The rise of artificial intelligence technologies has reimagined the delivery of legal services. Milad Shojaei evaluates how AI challenges current business models, where we encounter resistance and if new systems can effectively replace lawyers.
Artificial Intelligence (AI) has gained substantial traction in the legal sector, and many legal professionals share concerns on the impact it can have. AI has the potential to recognise errors, review contracts and locate and process relevant data faster than humans. To put it simply, it offers us the opportunity to exceed our own capabilities, with the ability to draw conclusions and decisions based on processed information and previous experience.
AI is already being utilised by law firms to conduct research and as a means of performing more efficiently and diligently. In 2018, a study by CBRE revealed that nearly half of London law firms are currently using AI, and 41% have plans to do so. AI offers lawyers tremendous opportunities in automating complex and heavy labour processes, alongside saving costs and valuable time. It is also suggested as a viable solution to the alarming backlogged court system.
Although most AI-driven systems are in the early stages of development, it is clear that AI has already made its mark in the legal sector. With this said, why are legal professionals hesitant to embrace AI, and is the concern justified?
Is the legal sector ready for AI?
Legal consumers have always been reluctant to adopt new technologies, and AI is a relatively new development in legal innovation. It is complex and can be particularly challenging to comprehend and apply. Legal professionals are not trained in computing, but still have a duty of competence to their clients through the SRA and BSB codes of conduct. How does this duty apply to the use and understanding of AI technology in the legal sector? If legal professionals are to use AI, they must first understand it. This includes the ability to identify specific algorithms, configurations and data sets, all of which relate to specialist knowledge that most typical law firms lack. The wider application of AI in the legal sector therefore raises ethical apprehensions concerning competence, diligence and oversight.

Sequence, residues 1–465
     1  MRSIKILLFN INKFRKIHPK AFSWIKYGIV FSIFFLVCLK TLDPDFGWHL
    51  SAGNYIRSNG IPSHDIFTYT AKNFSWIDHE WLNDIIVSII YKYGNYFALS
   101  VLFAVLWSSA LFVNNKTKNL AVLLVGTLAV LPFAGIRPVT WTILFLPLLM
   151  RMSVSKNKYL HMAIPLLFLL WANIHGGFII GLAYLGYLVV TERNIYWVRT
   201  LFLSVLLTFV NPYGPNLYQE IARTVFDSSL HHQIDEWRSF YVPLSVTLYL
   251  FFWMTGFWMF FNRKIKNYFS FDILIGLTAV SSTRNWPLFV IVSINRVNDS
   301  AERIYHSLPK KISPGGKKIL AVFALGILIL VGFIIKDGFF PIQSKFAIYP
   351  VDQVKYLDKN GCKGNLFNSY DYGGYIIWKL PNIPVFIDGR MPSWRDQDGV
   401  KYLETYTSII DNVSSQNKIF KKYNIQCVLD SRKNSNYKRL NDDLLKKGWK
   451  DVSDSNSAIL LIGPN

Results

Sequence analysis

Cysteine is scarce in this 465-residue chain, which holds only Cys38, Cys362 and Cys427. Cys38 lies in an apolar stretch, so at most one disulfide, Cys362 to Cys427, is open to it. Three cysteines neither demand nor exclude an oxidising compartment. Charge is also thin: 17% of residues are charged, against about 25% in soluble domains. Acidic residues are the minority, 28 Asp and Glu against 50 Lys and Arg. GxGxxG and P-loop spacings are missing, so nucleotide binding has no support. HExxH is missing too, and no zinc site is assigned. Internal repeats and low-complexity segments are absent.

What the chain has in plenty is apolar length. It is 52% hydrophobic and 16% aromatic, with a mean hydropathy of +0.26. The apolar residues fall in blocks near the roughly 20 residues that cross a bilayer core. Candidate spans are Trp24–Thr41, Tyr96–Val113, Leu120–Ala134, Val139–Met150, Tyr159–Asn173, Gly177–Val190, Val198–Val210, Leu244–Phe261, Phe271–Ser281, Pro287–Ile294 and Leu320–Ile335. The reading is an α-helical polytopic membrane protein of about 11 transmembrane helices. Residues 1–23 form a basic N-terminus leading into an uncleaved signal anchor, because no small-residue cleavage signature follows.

Although the case for AI is substantial, the legal sector’s resistance to it is also telling. Law firms are reluctant to engage with AI-based technologies as it necessitates a complete transformation of established practices. Although the core purpose of Legal innovation is to transform the landscape, AI advances a drastic overhaul that should be considered more carefully. The legal sector currently lacks the infrastructure and culture to accommodate AI. This is compounded by an alarming skills gap and concerns with data security. Although larger firms have shown an aptitude for embracing new complex technologies, smaller firms that lack the resources to fund the acquisition and effective use of AI will struggle to keep pace with the process.
Applying AI-based tools in the legal sector accompanies significant risks if it is not done correctly. Law firms run this risk when focusing on the benefits of an innovative tool, without understanding the impact on operations, or how to best leverage the advantages associated with it. As it stands, most law firms lack the personnel that have practical AI experience for wider-spread adoption. Moreover, If AI-driven solutions are to be utilised widely, regulators within the sector will also require more specialism in the field.
Are lawyers right to be reserved about AI?